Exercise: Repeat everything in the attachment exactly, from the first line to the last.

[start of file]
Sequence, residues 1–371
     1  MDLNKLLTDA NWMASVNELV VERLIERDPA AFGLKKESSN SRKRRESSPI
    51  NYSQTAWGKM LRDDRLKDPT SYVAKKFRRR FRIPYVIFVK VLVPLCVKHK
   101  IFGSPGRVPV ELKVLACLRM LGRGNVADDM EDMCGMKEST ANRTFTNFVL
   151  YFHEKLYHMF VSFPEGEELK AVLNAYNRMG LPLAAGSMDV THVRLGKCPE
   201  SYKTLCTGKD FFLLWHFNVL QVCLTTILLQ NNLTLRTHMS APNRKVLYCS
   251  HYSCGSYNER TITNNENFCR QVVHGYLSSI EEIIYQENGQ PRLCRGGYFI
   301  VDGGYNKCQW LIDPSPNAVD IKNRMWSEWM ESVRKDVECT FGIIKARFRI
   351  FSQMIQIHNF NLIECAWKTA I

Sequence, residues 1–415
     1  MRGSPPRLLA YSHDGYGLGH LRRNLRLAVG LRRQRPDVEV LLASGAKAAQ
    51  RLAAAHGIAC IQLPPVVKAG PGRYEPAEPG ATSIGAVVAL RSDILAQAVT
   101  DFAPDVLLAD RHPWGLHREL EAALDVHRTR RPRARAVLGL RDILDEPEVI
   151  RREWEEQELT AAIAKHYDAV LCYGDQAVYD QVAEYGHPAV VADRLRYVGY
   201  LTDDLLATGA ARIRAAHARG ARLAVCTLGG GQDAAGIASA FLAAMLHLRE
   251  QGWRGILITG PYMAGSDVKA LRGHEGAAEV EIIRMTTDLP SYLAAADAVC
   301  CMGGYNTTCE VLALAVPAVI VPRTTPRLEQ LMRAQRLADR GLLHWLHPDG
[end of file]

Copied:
Sequence, residues 1–371
     1  MDLNKLLTDA NWMASVNELV VERLIERDPA AFGLKKESSN SRKRRESSPI
    51  NYSQTAWGKM LRDDRLKDPT SYVAKKFRRR FRIPYVIFVK VLVPLCVKHK
   101  IFGSPGRVPV ELKVLACLRM LGRGNVADDM EDMCGMKEST ANRTFTNFVL
   151  YFHEKLYHMF VSFPEGEELK AVLNAYNRMG LPLAAGSMDV THVRLGKCPE
   201  SYKTLCTGKD FFLLWHFNVL QVCLTTILLQ NNLTLRTHMS APNRKVLYCS
   251  HYSCGSYNER TITNNENFCR QVVHGYLSSI EEIIYQENGQ PRLCRGGYFI
   301  VDGGYNKCQW LIDPSPNAVD IKNRMWSEWM ESVRKDVECT FGIIKARFRI
   351  FSQMIQIHNF NLIECAWKTA I

Sequence, residues 1–415
     1  MRGSPPRLLA YSHDGYGLGH LRRNLRLAVG LRRQRPDVEV LLASGAKAAQ
    51  RLAAAHGIAC IQLPPVVKAG PGRYEPAEPG ATSIGAVVAL RSDILAQAVT
   101  DFAPDVLLAD RHPWGLHREL EAALDVHRTR RPRARAVLGL RDILDEPEVI
   151  RREWEEQELT AAIAKHYDAV LCYGDQAVYD QVAEYGHPAV VADRLRYVGY
   201  LTDDLLATGA ARIRAAHARG ARLAVCTLGG GQDAAGIASA FLAAMLHLRE
   251  QGWRGILITG PYMAGSDVKA LRGHEGAAEV EIIRMTTDLP SYLAAADAVC
   301  CMGGYNTTCE VLALAVPAVI VPRTTPRLEQ LMRAQRLADR GLLHWLHPDG